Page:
Every teacher has had one – the one class that you dread, the one where classroom management seems more important than instruction itself. Maybe there are one or two students who just really know how to push your buttons. Maybe it’s right after lunch and some days it seems like the whole room is teetering on the edge of chaos.
While it’s easy to write off these classes as bad hands you’ve been dealt, research has shown that teacher actions have a very significant influence on the behavior of students in the classroom. In fact, there are dozens of practices that have been proven to calm, refocus, and engage unruly classrooms. And, would you believe it, many of these techniques fall under the umbrella of positive education. Here are 4 proven, positive psychology practices for classroom management.
1) Build relationships at the front door
Kindness and happiness are contagious. When you see a face smiling at you, it’s hard not to smile back. Greeting students at the door is a great way to jumpstart the spread of kindness and happiness in your classroom. In fact, saying hello to someone with a smile creates an involuntary joy response in his or her brain, making him or her want to smile back. Also, say their name. When we hear our own names it gives us a jolt of pleasure.
This practice also has a few other subtle effects. It shows that students are now passing through a threshold into your space. You are welcoming them, one at a time, into a learning environment. This makes a huge difference when compared to letting students rush in as they continue their conversations from the hallway while you remain occupied doing something else. Show you care about them and what happens in your classroom.
2) Set clear expectations
Don’t assume that your students automatically know how to act in your class. Every class is different and should be treated as such. One activity that I like to do at the start of the year, although you could do it at any time, is to collaboratively create a list of classroom norms.
I ask for suggestions from students and we vote on four that resonate the most with us. Then I have students break up into teams to create posters that illustrate one particular norm. For example, on the poster for respect, students will write “one voice at a time” or “cherish your own abilities.” Then, throughout the year, I can reference these posters on the wall if needed. Because we all agreed on the norms together, the students have more buy-in when it comes time to enforce them.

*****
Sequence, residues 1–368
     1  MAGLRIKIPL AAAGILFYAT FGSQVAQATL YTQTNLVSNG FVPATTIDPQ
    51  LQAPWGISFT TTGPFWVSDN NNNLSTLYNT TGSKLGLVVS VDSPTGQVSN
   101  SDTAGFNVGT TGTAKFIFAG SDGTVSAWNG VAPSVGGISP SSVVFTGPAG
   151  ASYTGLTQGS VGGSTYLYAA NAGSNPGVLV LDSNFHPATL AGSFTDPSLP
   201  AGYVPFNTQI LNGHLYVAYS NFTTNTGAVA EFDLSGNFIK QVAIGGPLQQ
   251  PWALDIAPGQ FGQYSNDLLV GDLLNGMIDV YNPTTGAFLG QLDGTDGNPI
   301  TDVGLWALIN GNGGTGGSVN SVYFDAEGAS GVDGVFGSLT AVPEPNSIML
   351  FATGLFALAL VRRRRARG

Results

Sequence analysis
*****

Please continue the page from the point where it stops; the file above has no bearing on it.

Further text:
3) Narrate behavior
Behavior narration is an incredibly powerful tool. In essence, behavior narration is highlighting positive behavior without giving it praise.
For example, let’s say you ask your students to silently complete the Do Now at the beginning of class. You have set your expectation that once the bell rings, all students will be silently working on this activity.
The bell rings, and half of your students are still chatting while the other half are getting to work, some of them halfheartedly, finishing conversations with neighbors. You notice, however, that Maya and Carlos are following all your expectations, so you narrate their behavior. “I see that Maya and Carlos are silently completing their Do Nows,” you say.
Now, other students are aware that you are aware. You aren’t playing favorites, you’re just narrating what you see and choosing to highlight the students who are following expectations.
I was amazed by how effective this technique was in my classroom, how behavior narration created a culture of positive awareness. Read more about how to do behavior narration here.
4) Involve parents
A phone call home is one of the most singularly powerful classroom management tools in a teacher’s toolbox, either as a reward or a consequence. Whether you’re in a high performing private school or a struggling public school, the level of parental involvement is often taken for granted. However, even the most involved parents want to know more about who their child’s teachers are and how they can help him or her succeed.
Calling simply to introduce yourself or to say that you’re glad to have a student in your class can make a world of difference in that student’s engagement. When parents know you care, they care more about their student’s performance in your class, and the student cares more too. This contagious engagement works wonders.
To leverage this in my class, throughout the week, I hand out raffle tickets to students who demonstrate hard work or engagement. Then, at the end of the week, I will often raffle off prizes, like candy, toys, or a positive phone call home. The phone call home is one of the most coveted prizes of them all.
Classroom management doesn’t have to turn you into a drill sergeant. Although your students may sometimes appear outwardly rebellious, they crave strong leadership. We all do. Effective classroom management is simply about setting clear and rigorous expectations and incentivizing students to meet them. Do it consistently from the beginning of the year, and it will feel like second nature.